DL Fowler's Blog

Lincoln Trivia Question #19

Posted in Assassination, Lincoln Trivia, Lincoln's Diary, Lincoln's Psychology, Plots, PTSD, Research by DLFowler on April 14, 2011

Yes, I know I’m skipping around. If you’re keeping score this is the third trivia question I’ve posted.  The complete list of 20 is on my website.  Okay, here it is:

Q: What deadly act did Lincoln offer to perform for his cabinet?

A: He offered to hang himself.

A pretty fitting question for the 146th anniversary of his assassination, don’t you think?

Well, there are a variety of explanations, but who knows what was actually going on in Lincoln’s head.  It’s true that he suffered from acute bouts of depression during most of his adult life. It’s also possible he was being melodramatic; it wouldn’t have been the first time.

Something else is worth considering. Have you ever dealt with someone suffering from Post Traumatic Stress Disorder (PTSD)? Lincoln probably suffered from that, possibly a variation called Acute Traumatic Stress. He suffered sympthoms common to both disorders, including catalepsy. In those episodes, he would slip into a kind of catatonic state. His law partner William Herndon witnessed more than one such episode.

When PTSD sufferers commit suicide, it’s rarely out of despondency. More often it’s an attempt on their part to take control of a situation that seems out of hand. In that vein, Lincoln might have seriously consided martyring himself to turn public and political opinion in favor of his Reconstruction Plan which was on the cusp of failure. 

Of course that’s something we’ll never know. Not unless he confessed it in a diary that’s not turned up in the last 140+ years.

Just sayin.

I Feel Like Being a Tease

Posted in Lincoln, Lincoln's Diary, Prologues by DLFowler on February 4, 2011

Below is the prologue to Lincoln’s Diary – a novel.  Tomorrow another excerpt.


 “As God is my judge, I believe if I had been in the city, it would not have happened…” US Marshall – District of Columbia, Col. Ward Hill Lamon.

 Martinsburg, West Virginia, May 7, 1893

 Col. Lamon drew shallow, raspy breaths as he lay near death. He clutched President Lincoln’s private diary to his chest. He had not opened it, even once, since the President delivered it to him just before the assassination. Only Lincoln knew what it contained, and he never intended for its entries to live on after he was gone.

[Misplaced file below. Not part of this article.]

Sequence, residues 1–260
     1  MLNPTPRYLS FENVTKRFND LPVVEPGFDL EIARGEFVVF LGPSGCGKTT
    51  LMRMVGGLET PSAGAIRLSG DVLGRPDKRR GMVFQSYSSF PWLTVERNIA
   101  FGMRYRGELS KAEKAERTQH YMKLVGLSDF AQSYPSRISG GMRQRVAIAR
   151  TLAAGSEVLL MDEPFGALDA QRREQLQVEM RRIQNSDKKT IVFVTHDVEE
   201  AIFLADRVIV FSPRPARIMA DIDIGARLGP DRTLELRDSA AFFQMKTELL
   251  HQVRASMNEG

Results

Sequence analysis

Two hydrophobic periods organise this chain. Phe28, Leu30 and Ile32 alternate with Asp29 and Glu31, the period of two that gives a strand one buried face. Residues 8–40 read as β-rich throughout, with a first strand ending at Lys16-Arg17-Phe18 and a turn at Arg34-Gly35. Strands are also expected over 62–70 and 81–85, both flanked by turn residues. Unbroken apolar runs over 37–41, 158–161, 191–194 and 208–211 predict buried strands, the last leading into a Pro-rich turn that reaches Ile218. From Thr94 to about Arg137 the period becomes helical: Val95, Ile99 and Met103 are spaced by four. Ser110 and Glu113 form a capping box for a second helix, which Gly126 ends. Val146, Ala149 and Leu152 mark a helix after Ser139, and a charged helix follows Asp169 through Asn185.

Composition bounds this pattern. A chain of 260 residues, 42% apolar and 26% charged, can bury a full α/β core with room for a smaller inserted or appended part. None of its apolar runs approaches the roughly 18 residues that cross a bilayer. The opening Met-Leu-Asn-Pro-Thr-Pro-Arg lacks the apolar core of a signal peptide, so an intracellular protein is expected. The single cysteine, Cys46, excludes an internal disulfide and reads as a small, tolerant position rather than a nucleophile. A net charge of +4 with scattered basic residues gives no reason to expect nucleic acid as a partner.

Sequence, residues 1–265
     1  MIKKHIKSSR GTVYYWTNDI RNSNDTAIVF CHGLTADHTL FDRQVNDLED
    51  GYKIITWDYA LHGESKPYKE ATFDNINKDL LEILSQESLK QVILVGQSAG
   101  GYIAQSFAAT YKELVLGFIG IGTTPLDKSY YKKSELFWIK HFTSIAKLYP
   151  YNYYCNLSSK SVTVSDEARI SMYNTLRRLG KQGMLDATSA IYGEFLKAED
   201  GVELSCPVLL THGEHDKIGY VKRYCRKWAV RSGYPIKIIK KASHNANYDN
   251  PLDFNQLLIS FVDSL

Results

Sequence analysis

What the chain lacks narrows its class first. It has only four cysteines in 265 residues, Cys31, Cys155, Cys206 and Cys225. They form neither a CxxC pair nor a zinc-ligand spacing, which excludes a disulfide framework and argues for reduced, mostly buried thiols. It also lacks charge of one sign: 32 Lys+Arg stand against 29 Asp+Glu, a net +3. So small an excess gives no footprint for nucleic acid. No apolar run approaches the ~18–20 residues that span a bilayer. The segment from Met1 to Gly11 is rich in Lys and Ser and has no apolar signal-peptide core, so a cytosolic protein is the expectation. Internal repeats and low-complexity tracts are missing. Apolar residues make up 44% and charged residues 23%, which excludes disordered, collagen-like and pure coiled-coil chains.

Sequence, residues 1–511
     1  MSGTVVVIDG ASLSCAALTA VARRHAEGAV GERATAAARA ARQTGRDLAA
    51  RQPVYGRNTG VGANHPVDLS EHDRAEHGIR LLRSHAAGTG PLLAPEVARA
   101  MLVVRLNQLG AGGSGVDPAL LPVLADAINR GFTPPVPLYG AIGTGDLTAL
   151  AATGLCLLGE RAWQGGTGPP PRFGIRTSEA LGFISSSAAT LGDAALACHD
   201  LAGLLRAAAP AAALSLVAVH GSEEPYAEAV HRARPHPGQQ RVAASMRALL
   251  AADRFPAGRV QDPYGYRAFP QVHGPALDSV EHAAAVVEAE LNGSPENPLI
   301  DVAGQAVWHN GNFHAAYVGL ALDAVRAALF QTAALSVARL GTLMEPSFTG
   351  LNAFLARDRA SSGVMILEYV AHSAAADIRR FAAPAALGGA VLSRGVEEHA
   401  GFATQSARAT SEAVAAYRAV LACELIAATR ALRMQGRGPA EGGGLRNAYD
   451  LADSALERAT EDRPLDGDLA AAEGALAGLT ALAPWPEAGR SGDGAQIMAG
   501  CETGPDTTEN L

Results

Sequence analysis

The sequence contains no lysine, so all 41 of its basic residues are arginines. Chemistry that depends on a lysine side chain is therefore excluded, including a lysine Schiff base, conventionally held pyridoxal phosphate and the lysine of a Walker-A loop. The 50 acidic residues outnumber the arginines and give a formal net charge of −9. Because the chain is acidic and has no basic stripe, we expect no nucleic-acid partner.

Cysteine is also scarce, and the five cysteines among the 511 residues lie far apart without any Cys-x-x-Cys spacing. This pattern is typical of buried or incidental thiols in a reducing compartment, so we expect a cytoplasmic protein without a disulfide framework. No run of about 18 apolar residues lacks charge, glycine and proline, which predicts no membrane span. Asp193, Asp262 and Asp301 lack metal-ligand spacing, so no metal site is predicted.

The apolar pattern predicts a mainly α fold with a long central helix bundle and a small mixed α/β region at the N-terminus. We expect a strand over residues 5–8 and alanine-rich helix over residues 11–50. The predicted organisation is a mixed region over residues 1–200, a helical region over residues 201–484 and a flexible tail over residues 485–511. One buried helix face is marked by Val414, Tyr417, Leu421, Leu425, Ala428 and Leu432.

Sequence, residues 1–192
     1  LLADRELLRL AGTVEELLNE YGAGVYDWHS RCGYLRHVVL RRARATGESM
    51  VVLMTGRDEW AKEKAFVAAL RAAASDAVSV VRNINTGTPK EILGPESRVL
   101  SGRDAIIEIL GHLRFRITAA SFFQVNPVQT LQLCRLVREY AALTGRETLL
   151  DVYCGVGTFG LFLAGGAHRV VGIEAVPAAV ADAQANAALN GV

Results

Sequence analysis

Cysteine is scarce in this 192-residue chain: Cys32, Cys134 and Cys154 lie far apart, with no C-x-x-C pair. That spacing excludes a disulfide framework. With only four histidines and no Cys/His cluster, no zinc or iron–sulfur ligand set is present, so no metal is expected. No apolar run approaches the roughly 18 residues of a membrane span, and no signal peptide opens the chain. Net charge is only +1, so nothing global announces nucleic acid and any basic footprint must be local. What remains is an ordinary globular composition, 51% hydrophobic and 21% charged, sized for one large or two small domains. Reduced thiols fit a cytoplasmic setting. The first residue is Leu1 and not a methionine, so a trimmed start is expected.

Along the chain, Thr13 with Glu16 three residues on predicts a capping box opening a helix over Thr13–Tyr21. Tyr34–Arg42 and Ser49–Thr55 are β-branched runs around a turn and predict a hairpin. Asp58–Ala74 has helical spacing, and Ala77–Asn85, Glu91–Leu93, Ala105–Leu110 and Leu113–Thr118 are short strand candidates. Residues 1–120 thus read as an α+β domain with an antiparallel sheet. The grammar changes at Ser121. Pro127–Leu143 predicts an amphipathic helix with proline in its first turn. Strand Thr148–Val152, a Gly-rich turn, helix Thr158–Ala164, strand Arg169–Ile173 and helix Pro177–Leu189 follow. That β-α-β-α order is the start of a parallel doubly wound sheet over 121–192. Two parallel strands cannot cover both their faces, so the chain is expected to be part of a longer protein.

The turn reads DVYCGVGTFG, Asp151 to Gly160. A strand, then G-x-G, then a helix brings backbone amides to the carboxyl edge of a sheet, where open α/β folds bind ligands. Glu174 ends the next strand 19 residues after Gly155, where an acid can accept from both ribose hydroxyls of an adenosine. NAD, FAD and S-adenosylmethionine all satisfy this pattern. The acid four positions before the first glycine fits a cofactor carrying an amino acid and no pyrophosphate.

With the taste of death filling his nostrils, Lamon arched his back and wheezed as he fought to expel his final instruction — to keep the diary safe.

“You need to rest now, Father.”  Dolly wanted him to be comfortable in his final moments.

Lamon reached for her arm. His eyes bulged as if his words would force their escape by any conceivable means.

President Lincoln’s friend and bodyguard carried two measures of guilt to the precipice of eternity. He had disobeyed Lincoln’s order to destroy the diary, a failure he tried to excuse by complaining it was all he had left of his friend. On the other hand he lamented obeying Lincoln’s directive to travel to Richmond despite numerous threats against the president’s life.  By doing so he was absent from the Capitol on the fatal night of April 14. And Lamon berated himself for the remainder of his days. “As God is my judge, I believe if I had been in the city, it would not have happened.”

When Col. Ward Hill Lamon’s last breath slipped away, his final instructions dissolved behind his lips.

After kissing her father on his forehead, Dolly pried the diary from his grip and whispered, “I love you.”

Did Lincoln Plan His Own Assassination?

The better question is what would possess him to do so?  

Now this is not my question. Joshua Shenk prompted me to think about this possibility through his book, Lincoln’s Melancholy.  But everything that followed is a product of my fertile (some would call it compost pile) imagination.

In Lincoln’s Diary – a novel, Sarah Sue Morgan wants the truth. But when the truth includes an unpublished Lincoln diary that may prove the sixteenth President arranged his own assassination, the truth could kill.

Lincoln had motivation, opportunity and means.  Means you ask – consider that Booth was his favorite actor (Lincoln loved the theater). Lincoln would have welcomed him into the presidential box – he didn’t have to jimmy the lock. Booth was at the White House days before the assassination.  Lincoln’s bodyguard was in the vicinity of the Surrat boarding house while Booth met with co-conspirators. Conspiracy theorists have long argued that Booth had inside help.  Could Lincoln have been his co-conspirator?

Well, he knew he was losing his battle for a conciliatory plan of Reconstruction.  Would it have crossed his mind that martyrdom might push his plan forward?  I mean, after he threatened to hang himself during a cabinet meeting. Twice he was on suicide watch during his early adult life.

Okay, so at this point you’re still thinking – no way.  But then again, you haven’t seen everything that’s in Lincoln’s Diary – a novel. Oh yes, it’s fiction. But isn’t life supposed to be stranger than fiction?